Americans spend more than $50 billion a year on dieting, yet we are a country riddled with obesity-related diseases.
The average diet lasts 42 days. Women spend about 31 years of their life dieting; for men it's 28 years. Obviously, dieting doesn't work. The most effective way of managing weight is through permanent, sensible lifestyle habits.
Here are some tips to get started:
1. Exercise. It's the No 1 predictor of who keeps the weight off, and isn't that the overall goal? One-third of Americans exercise and one-third of Americans are at a healthy weight. Could that be more than a coincidence? I tend to think so.
Start small maybe 15 minutes every other day. Gradually work up to 150 minutes of heart-pumping exercise each week. Throw in a couple of days of weight resistance and stretching for overall fitness.
2. Eat breakfast. Only 40 percent of Americans eat breakfast. If you skip breakfast, you are likely to eat an extra 200 to 300 calories that day. It is also great at revving up your metabolism in the morning so you burn fuel more efficiently.
3. Eat less. We eat 300 to 400 more calories than we did in the 1970s. To lose one pound of fat, you have to eat 3,500 calories less than your body needs. That is why weight loss is a slow process.
It's the first couple of bites and the last couple of bites that are savored the most. Knock out some of the ones in the middle and your calorie intake will fall.
4. Keep a food and exercise journal. You may not eat the cookies if you have to write them down. Research shows that logging is highly effective in changing behavior.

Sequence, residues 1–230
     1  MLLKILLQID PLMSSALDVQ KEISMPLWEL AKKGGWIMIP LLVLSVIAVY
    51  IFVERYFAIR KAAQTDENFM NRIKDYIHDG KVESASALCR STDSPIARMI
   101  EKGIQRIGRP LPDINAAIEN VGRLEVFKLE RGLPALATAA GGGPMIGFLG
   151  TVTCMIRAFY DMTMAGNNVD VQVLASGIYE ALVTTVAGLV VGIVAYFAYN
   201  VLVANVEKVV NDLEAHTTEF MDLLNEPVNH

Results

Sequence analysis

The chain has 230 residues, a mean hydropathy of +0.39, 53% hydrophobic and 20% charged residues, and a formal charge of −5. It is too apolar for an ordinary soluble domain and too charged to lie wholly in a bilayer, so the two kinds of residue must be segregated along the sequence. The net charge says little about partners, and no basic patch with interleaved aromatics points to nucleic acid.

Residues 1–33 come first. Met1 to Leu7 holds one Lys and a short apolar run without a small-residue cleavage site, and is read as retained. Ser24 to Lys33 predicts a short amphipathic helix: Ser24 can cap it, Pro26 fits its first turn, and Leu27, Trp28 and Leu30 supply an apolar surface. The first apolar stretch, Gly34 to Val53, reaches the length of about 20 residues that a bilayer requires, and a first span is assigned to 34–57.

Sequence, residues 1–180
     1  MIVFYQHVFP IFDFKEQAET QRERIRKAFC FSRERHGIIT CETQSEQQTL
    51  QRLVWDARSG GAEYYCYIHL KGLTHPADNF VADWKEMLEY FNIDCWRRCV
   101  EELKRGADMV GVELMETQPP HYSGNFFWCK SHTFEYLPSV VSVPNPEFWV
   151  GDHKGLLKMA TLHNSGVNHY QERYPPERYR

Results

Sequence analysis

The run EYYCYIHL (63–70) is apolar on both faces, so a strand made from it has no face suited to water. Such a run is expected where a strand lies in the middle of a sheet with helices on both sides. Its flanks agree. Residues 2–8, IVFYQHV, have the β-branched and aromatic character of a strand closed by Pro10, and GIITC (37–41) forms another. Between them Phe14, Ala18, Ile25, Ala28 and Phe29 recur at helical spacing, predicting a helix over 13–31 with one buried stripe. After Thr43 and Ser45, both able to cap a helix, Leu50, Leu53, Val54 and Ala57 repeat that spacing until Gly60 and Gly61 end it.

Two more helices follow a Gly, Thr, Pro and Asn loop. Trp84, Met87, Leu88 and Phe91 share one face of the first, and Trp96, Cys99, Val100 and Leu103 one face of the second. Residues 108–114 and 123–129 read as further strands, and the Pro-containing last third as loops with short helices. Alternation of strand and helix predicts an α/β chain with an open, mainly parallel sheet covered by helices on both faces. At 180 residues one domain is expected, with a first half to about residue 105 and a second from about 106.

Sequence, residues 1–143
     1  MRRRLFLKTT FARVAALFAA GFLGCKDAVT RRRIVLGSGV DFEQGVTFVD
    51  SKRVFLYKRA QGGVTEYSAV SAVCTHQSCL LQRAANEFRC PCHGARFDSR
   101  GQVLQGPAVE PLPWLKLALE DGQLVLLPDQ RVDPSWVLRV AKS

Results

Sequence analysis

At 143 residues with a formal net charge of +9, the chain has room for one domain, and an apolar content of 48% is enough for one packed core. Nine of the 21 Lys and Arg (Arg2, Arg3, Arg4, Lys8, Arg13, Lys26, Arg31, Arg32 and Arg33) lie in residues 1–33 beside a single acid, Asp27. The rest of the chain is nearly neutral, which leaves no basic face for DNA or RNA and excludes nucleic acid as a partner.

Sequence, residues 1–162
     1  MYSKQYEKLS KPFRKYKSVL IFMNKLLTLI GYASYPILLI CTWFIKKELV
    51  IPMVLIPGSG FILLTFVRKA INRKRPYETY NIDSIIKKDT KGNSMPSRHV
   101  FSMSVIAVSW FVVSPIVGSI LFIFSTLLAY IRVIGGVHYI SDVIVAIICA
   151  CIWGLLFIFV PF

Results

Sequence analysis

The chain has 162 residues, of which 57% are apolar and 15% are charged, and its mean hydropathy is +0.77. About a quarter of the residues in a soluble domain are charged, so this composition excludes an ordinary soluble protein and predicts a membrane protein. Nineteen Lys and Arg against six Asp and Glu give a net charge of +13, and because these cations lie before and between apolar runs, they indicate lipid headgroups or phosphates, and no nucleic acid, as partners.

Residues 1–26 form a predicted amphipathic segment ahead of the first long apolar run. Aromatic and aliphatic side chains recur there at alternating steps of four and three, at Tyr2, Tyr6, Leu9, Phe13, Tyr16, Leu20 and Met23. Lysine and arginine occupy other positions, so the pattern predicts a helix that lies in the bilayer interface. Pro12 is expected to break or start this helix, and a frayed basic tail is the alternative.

There are great online trackers and apps that can help you meet your calorie and exercise goals. MyFitnessPal, Lose It, MapMyFitness and SparkPeople are personal favorites. Some sites have the option of interacting with other members for support.
5. Go to bed earlier. In the 1910s people typically slept nine hours a night. What is the average today? Six hours! Frequently getting less than seven hours of sleep a night increases obesity risk by 30 percent.
There are more than two dozen hormones that regulate appetite, and much of their work is done while we sleep. If sleep cycles are too few or interrupted, the appetite hormones are affected. It appears that sleeping can actually help with weight loss.
The bottom line? Dieting doesn't work. Focus on making small, gradual lifestyle changes that you can maintain for life.
Nawrocki is a registered dietitian and certified diabetes educator at Sutter Gould Medical Foundation.